This was one of the most incredible men who ever lived in the United States. He so loved this country, and spent his life trying to make sure it stayed on the right course.
He was born October 8, 1890 and named Edward Vernon “Eddie” Rickenbacker. When he was still quite young, he raced four time in the Indianapolis 500. They called him “Fast Eddie”.
When the First World War broke out he was sent to France and since he was such a famous driver, his first assignment was to be the driver for General Pershing. However, he wanted to get into the action, and got transferred to the Air Service. Whatever organization Rickenbacker entered, he soon “went to the top”. And he soon became commanding officer of the 94th Aero Pursuit Squadron. Germany’s Red Baron was dominating the skies there, but his squadron was responsible for destroying 69 enemy aircraft, the highest number shot down by any American squadron. Flying over 300 combat hours, Eddie Rickenbacker personally shot down 26 enemy aircraft, and was awarded the Congressional Medal of Honor for his exploits.
He wrote a book about his flying activities in that war. It is called Fighting the Flying Circus. Here is just one little excerpt from it: “… three-quarters of an hour of gasoline remained … and no compass. Then I thought of the north star! Glory be! There she shines! I had been going west instead of south ……Keeping the star behind my rudder I flew south for fifteen minutes, then … found myself above the River Meuse…….. picked up our faithful searchlight and ten minutes later I landed …..As I walked across the field to my bed I looked up …..and repeated most fervently, ‘Thank you my God!'” Eddie was a very Godly man!
In his flying exploits he miraculously escaped death so many times. In his book here is what he wrote about those times: “I want to make it clear that this escape and the others were not the result of any super ability or knowledge on my part. I wouldn’t be alive today if I had to depend on that. I realized then, as I headed for France on one wing, that there had to be something else… I had seen others die, brighter and more able than I. I knew there was a power. I believe in calling upon it for aid and for guidance. I am not such an egotist as to believe that God has spared me because I am I. I believe there is work for me to do and that I am spared to do it, just as you are.”
When he came back to the US, he started his own automobile company. Before he sold it, he created many technological innovations such as the first four-wheel brake system. As I mentioned before, whatever he tried, he would go right to the top.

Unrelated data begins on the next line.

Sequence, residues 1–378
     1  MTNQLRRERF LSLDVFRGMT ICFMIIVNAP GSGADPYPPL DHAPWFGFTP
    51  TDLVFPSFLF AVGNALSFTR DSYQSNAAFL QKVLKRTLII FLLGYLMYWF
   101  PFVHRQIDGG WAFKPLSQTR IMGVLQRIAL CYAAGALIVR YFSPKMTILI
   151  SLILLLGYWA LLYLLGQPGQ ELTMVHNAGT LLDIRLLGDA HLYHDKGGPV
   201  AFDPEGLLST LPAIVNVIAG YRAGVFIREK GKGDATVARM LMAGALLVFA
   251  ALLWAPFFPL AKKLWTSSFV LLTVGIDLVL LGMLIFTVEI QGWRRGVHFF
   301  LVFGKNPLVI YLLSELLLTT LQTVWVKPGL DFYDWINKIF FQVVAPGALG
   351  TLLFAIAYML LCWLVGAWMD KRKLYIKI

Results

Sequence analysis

In 1927 he bought the Indianapolis Speedway where he had once raced. He then went to work for Eastern Airlines and then actually bought the whole company.
The Great Depression was about over and the country was healing, but when Franklin Roosevelt became president, his anti-business, Socialist policies put businesses back in a tailspin. Rickenbacker violently opposed those Roosevelt New Deal policies as creating a “socialized welfare state,” which drew criticism from the liberal media. Yes, they were liberal even back then. In fact, Roosevelt’s administration even ordered NBC Radio not to broadcast Rickenbacker’s remarks.
When Roosevelt tried to pack the Supreme Court, Eddie knew that such would destroy our Democratic Republic, just like it would now. He went on an all-out crusade to stop it. He recruited enough Democratic Congressmen to succeed in stopping it.
He wrote way back then: “Freedom is not a physical object. It is a spiritual and a moral environment … The evil of liberalism is its emphasis on material things and its disdain for the spiritual and moral resources that we call liberty. The liberal would sweep aside the constitutional restraints upon government in a blind rush to supply food, clothes, houses and financial security from birth to death, from the cradle to the grave for everybody …”
Rickenbacker explained that liberals view people collectively, while “… the conservative knows that to regard man of a part of an undifferentiated mass is to consign him to ultimate slavery.”
He went on to add: “A government that is large enough to give you all you want is large enough to take all you own first.”